Footage of the site during cleanup operations.
The Chernobyl Disaster
In an effort to prevent the situation from rapidly getting worse, the engineers reinserted all the control rods — about 200 — taken out earlier in the hopes of recalibrating the reactor and bringing it back to reasonable levels. Unfortunately, they reinserted those rods all at once, and because the rods’ tips were made of graphite, this set off a chemical reaction which resulted in an explosion that was then ignited by steam and gas.
The explosion ripped through the 1,000-metric-ton concrete and steel lid and reportedly ruptured all 1,660 pressure tubes as well — thereby causing another explosion that ultimately exposed the reactor core to the world outside.
The resultant fire allowed more than 50 tons of radioactive material to waft into the sky where it was inevitably carried away and spread across the continent by wind currents. The graphite moderator, leaking radioactive material, burned for 10 days straight.
It didn’t take long for the Soviets to order an evacuation of Pripyat’s 30,000. Authorities scrambled to problem-solve their way out of the fiasco on their hands and began with an attempted cover-up that failed a mere day later. Sweden’s radiation monitoring stations over 800 miles northwest of Chernobyl detected radiation levels 40 percent higher than standard levels just a day after the explosion. The Soviet news agencies had no choice but to admit to the world what had happened.
The amount of radiation relinquished into the skies from the Chernobyl disaster was several times that of U.S. atomic bombings on Hiroshima and Nagasaki. With the help of global air currents, the nuclear disaster affected Eastern and Northern Europe and contaminated millions of acres of pristine farmland in the region.
A crumbling school building in Pripyat, 2018.
The “Suicide Squad” Makes A Sacrifice For The Greater Good
Unbelievably, the events of the Chernobyl disaster could have been even worse if not for real-life hero Alexander Akimov and his brave team.
Akimov was the first to declare an emergency in the plant as soon as the reactor was shut down, though by then the damage had already been done. He realized too late the extent of the damage; already the reactor had exploded and began to leak extremely high levels of radiation.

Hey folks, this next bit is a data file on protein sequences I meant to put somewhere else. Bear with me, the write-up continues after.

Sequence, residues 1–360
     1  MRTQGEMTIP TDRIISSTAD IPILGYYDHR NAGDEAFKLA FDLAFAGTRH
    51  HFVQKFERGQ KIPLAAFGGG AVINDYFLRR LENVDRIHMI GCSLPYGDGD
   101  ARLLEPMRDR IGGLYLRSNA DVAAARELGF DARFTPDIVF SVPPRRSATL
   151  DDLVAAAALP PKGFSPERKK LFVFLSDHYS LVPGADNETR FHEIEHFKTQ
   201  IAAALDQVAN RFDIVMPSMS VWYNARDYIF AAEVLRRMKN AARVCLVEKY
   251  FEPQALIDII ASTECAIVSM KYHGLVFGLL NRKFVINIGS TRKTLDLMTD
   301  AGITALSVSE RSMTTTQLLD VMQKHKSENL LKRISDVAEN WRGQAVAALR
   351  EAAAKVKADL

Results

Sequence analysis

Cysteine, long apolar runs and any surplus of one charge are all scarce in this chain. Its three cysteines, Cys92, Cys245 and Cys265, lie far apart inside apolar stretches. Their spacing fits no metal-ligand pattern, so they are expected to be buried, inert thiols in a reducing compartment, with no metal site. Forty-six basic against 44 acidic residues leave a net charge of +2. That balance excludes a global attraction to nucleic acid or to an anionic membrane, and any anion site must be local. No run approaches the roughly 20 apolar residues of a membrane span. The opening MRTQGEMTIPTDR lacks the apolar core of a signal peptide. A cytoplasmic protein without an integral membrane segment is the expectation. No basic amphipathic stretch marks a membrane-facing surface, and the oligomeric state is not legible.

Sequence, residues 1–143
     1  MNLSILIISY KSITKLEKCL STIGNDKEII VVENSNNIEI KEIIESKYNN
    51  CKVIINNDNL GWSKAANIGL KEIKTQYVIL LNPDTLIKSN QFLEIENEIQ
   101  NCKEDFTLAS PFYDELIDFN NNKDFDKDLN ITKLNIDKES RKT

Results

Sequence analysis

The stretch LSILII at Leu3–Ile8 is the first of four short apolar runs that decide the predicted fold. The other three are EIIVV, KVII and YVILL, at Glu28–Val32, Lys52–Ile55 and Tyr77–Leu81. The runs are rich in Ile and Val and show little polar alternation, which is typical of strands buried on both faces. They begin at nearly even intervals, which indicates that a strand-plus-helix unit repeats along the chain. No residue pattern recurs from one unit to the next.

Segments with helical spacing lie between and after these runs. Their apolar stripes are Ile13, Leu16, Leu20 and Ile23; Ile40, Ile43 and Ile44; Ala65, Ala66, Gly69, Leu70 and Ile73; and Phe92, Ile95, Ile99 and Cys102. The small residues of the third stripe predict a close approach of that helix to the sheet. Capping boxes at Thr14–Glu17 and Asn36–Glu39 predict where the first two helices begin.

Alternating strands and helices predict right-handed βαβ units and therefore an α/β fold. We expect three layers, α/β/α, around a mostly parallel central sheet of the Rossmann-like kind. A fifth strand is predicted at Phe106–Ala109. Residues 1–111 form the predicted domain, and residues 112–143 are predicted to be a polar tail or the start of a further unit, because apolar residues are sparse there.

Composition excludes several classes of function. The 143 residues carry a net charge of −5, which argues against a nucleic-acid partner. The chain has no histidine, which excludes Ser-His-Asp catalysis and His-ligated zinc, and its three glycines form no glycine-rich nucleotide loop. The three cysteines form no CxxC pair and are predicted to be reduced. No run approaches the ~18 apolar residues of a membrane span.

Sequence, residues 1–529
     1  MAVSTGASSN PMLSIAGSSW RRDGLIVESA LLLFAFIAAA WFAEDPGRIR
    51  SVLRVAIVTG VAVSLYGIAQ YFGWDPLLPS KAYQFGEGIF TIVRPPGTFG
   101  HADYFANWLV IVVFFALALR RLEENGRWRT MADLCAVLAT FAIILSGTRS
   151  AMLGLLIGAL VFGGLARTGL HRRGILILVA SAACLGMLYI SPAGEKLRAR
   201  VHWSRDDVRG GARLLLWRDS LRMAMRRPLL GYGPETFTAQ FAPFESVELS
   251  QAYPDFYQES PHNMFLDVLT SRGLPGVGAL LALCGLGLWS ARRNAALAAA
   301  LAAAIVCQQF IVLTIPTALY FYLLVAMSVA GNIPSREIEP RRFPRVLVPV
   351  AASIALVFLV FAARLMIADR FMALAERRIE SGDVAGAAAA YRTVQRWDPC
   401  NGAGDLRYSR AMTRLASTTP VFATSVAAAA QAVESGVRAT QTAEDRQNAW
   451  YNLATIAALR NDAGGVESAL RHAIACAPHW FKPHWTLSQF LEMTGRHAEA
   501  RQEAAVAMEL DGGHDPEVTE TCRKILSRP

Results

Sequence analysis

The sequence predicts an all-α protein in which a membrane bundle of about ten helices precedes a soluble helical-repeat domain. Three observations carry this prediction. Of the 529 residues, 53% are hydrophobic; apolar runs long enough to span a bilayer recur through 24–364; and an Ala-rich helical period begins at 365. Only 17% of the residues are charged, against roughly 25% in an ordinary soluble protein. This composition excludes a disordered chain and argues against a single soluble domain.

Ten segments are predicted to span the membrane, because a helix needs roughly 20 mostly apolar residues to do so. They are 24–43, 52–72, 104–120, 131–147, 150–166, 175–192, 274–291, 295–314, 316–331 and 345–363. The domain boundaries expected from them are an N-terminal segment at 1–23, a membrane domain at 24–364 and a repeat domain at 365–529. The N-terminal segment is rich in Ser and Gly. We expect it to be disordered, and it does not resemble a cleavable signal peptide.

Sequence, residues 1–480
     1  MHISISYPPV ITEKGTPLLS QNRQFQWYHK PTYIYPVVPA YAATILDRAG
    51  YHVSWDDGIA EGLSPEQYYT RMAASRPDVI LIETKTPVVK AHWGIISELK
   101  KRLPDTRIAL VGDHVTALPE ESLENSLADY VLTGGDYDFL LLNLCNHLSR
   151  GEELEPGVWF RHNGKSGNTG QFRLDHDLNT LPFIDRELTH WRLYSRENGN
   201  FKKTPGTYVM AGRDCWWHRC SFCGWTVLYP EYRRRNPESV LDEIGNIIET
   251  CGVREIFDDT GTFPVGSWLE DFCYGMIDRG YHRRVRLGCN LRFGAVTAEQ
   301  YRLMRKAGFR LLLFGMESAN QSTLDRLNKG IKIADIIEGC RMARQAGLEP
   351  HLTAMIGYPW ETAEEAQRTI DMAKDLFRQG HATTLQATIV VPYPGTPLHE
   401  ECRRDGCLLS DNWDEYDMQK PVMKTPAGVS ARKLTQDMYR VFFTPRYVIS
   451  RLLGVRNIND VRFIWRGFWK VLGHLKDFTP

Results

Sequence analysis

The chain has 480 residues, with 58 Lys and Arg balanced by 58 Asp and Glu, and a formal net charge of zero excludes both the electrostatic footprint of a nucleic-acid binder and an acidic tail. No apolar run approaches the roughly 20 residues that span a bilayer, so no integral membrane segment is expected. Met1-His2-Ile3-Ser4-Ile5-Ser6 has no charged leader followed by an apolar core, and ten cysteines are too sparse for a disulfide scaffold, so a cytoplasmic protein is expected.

Rather than evacuate the plant as the explosion ensued, Akimov stayed behind. He and his crew of Valeri Bezpalov, Alexi Ananeko, and Boris Baranov entered the reactor’s chamber in waist-high radioactive waters beside the exploded reactor to release water. Bezpalov, Ananeko, and Baranov comprised a ‘Suicide Squad’ that descended into the water even deeper to turn on the emergency feedwater pumps to flood the reactor and stave off the release of more radioactive materials.
They manually pumped emergency feedwater into the reactor without any protective gear. The work of the engineers ended up costing them their lives from radiation poisoning, but they dramatically changed the impact of the disaster. Their sacrifice saved countless others from a resulting fallout that would have covered most of Europe.
The Toll Of Cleanup Operations In Pripyat
While the physical illnesses and disease were reportedly difficult to specifically tie to the disaster itself, the short- and long-term efforts to minimize any harrowing consequences were substantial.
The initial explosion resulted in the death of two workers and 28 firemen and emergency clean-up workers, including 19 others, died within three months of the explosion from Acute Radiation Sickness (ARS). Around 1,000 on-site reactor staff and emergency workers were heavily exposed to high-level radiation as well as more than 200,000 emergency and recovery operation workers.
Managing Reactor 4 proved more difficult and complex compared with the relatively basic task of moving people from one place to another. Soviet estimates have calculated that 211,000 workers took part in the cleanup activities during the first year with anywhere between 300,000 and 600,000 people participating within the first two.
Evacuations began 36 hours after the incident with Soviet authorities having successfully relocated everyone in the 30-kilometer exclusion zone within a month. About 116,000 people had to pick up their things and find new homes — or potentially die from radiation-induced illnesses.
But a 2005 United Nations Report maintains that “the largest public health problem created by the accident” was its effect on the mental health of the 600,000 people living in areas impacted by the event.
The Nuclear Energy Institute claimed Chernobyl’s failings resulted in about 4,000 cases of thyroid cancer, with some deaths occurring as late as 2004 — while the UN study argued that less than 50 deaths could be guaranteed to have resulted from the event’s radiation exposure.
‘Liquidators’ preparing for cleanup, 1986.
Children in contaminated areas were given high doses of thyroid medication in order to combat the increase in radioiodine — a contaminant isotope that had seeped into the regional milk. This isotope had a half-life of eight days. Meanwhile, the soil was found to be contained by cesium-137 — which has a half-life of 30 years.
The efforts appeared to be to little avail. Numerous studies found that the number of thyroid cancer in children under 15 years of age in Belarus as well as Russia and Ukraine in general, showed a steep, concerning spike. Many of these children had developed a particular form of cancer from drinking milk — as cows grazed on contaminated soil, and produced contaminated milk.
A mural in Pripyat depicting children before the meltdown, 2018.
It hadn’t yet become clear, in the frenzy of day to day cleanup operations in those first months following the Chernobyl disaster, but an entire generation of children would grow up permanently changed by the event.